We have a habit of assuming that a person is happy, satisfied and even “lucky” if they are in a romantic relationship with someone. The possibility, that perhaps the individual in a long-term relationship is
We have a habit of assuming that a person is happy, satisfied and even “lucky” if they are in a romantic relationship with someone. The possibility, that perhaps the individual in a long-term relationship is the loneliest, emotionally unstable person of all does not cross our minds.
Why? Because our minds are conditioned in a way that finding “the one” for yourself is the true meaning of life.
While that could be the ultimate goals of many people, it shouldn’t mean that you force yourself into relationships that are of potential damage to you.
Relationships can be classified into two broad categories; healthy and unhealthy relationships. There are key features that indicate how toxic or unhealthy a relationship is for you. No one wants to think the worse about their relationship or to believe that it’s unhealthy.
We all want to see the best in people we love. It may be hard to admit that your relationship is toxic, but the sooner you do, the better.
How do you tell the difference?
A healthy relationship takes lots of effort and time. A happy relationship is based on mutual respect, trust, equality, individuality, passion, and attachment. These things take time to develop. A healthy relationship should not be the cause of your stress and anxiety.
You shouldn’t be feeling insecure about something that you need to be most sure and secure about.
Any relationship that makes you doubt yourself, make you doubt the other person, makes you feel threatened and becomes your weakness, is not a healthy one.
If you’re insecure about expressing your true feelings to the person, not right. When you have to hide or conceal a physical flaw, not good.
A healthy and positive relationship will not have you compromise on your individual identity and personal space. Your relationship is only, and should only be a small part of who you are and not entirely define you. When you feel you and your identity, your real self is being overshadowed with your relationship and your partner; it may be a negative sign.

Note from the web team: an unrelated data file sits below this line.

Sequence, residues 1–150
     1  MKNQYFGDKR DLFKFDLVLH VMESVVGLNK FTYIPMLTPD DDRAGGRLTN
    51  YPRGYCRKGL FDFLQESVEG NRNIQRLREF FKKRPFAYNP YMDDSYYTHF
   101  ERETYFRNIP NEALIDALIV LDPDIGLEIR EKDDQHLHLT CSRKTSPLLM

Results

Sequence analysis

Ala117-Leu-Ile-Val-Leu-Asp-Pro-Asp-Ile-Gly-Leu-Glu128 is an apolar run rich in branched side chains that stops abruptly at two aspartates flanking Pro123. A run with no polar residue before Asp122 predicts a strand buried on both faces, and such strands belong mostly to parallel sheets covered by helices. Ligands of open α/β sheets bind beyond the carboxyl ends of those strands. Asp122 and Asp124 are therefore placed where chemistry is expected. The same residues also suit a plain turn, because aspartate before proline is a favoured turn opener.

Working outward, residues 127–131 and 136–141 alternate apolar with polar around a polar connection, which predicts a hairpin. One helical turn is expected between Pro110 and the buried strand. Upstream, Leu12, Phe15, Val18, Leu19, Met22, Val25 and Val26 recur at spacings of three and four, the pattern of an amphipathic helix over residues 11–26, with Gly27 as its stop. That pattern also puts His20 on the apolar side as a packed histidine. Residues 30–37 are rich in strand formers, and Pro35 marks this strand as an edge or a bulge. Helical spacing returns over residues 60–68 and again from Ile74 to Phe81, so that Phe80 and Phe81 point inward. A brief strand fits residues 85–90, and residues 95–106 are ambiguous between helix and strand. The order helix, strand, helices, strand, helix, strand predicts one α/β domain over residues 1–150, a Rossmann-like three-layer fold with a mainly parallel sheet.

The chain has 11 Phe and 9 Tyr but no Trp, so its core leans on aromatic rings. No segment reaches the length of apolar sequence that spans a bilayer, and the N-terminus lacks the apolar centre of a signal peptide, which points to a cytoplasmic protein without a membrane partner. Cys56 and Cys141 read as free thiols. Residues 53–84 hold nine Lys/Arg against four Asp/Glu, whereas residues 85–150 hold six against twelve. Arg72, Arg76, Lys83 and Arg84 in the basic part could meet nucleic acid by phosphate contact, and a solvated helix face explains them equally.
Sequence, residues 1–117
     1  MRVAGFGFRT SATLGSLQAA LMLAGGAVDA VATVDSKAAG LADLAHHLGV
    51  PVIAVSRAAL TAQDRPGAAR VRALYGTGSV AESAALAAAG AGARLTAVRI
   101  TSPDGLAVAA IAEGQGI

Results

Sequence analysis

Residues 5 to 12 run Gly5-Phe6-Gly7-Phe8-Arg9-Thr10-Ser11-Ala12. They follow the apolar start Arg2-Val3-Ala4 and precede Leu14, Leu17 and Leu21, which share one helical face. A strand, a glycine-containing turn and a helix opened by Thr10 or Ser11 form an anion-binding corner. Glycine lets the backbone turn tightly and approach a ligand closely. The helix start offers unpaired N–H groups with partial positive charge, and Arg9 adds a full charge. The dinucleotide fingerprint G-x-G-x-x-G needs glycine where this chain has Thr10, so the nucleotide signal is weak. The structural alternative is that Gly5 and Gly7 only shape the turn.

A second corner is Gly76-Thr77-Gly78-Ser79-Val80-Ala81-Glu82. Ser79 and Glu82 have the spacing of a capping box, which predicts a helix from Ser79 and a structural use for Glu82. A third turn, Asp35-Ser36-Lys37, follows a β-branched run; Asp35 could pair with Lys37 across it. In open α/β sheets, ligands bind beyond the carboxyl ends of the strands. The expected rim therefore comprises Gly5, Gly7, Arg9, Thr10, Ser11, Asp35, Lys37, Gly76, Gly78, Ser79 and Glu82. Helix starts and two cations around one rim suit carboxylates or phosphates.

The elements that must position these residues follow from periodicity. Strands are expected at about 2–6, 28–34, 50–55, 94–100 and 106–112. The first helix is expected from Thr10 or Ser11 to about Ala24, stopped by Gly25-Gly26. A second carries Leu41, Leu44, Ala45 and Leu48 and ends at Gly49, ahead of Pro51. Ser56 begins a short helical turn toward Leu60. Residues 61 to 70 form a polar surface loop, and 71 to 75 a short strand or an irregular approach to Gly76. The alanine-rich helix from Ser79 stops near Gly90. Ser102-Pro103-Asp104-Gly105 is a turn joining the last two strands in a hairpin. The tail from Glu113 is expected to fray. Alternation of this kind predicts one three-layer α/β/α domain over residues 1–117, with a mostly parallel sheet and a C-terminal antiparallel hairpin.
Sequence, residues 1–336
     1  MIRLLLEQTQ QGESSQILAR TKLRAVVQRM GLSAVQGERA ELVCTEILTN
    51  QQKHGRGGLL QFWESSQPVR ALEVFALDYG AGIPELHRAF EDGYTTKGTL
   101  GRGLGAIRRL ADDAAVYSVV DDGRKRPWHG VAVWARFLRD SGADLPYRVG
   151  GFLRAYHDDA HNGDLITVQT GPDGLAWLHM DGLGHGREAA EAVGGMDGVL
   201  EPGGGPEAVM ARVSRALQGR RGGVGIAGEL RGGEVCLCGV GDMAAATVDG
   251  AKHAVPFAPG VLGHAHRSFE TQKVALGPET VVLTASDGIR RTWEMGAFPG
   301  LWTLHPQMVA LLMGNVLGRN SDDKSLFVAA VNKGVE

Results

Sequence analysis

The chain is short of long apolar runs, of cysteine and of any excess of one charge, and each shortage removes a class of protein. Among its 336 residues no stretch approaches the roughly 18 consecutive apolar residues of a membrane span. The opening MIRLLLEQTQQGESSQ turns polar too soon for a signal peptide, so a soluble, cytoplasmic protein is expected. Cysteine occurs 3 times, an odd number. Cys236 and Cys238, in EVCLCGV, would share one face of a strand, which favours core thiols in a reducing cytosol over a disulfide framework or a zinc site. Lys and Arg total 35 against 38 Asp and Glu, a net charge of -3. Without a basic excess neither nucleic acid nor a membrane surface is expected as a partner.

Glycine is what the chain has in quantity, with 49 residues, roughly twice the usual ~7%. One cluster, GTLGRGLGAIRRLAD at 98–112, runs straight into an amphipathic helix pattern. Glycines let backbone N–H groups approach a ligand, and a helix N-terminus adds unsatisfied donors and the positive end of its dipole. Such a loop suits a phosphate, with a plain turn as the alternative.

Relationships work when both the people in it are equally involved.
If you feel that most of the times it’s your partner making decisions for you and does not look forward to your opinions and advice, it’s time to reconsider things.
Your relationship with one person should never affect your relationships with other important people in your lives. Your family time, your social life, should not be compromised to the extent that your days revolve wholly and solely around that one person.
Aggression, impatience, intolerance, extreme jealousy, anger, lack of trust and even physical abuse, all are signs of an unhealthy relationship.
Since relationships are a sign of success, breakups are automatically signs of failure. You need to get past this concept and realize that perhaps a break up is the most important and healthiest thing you could be doing for yourselves in a while. Healthy breakups are possible.
The worst thing is not breaking up; the worst thing is staying and holding onto a hopeless relationship which did nothing but harm you and your mental state.
Getting yourselves out of a long-term unhealthy relationship is a brave thing to do. It’s not easy moving on. But when you do, you open yourselves to newer and fresher possibilities and opportunities. You let yourself breathe some air of freedom. Healthy breakups can indeed mark the beginning of better things in life that are yet to come.
You may find yourself in a distressful place after a breakup, considering the emotional damage you just had to bear. Give it some time and take all the space you need. You’ll soon realize that cutting off toxic people and relationships from your life was probably all you needed. A healthy breakup is a way to get rid of the toxicity in your life.
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However, jumping on the conclusion that you need to break up a soon as you face a small set back is not the right thing to. All relationships have good and bad times, positive and negative experiences.
The important thing is how frequent are the negative experiences occurring. If your relationship is a constant source of stress, that could be a negative sign. But if you are generally stressed out or going through a rough patch in life and putting the blame on your relationship, then breaking up could be an uncalled for, impulsive decision.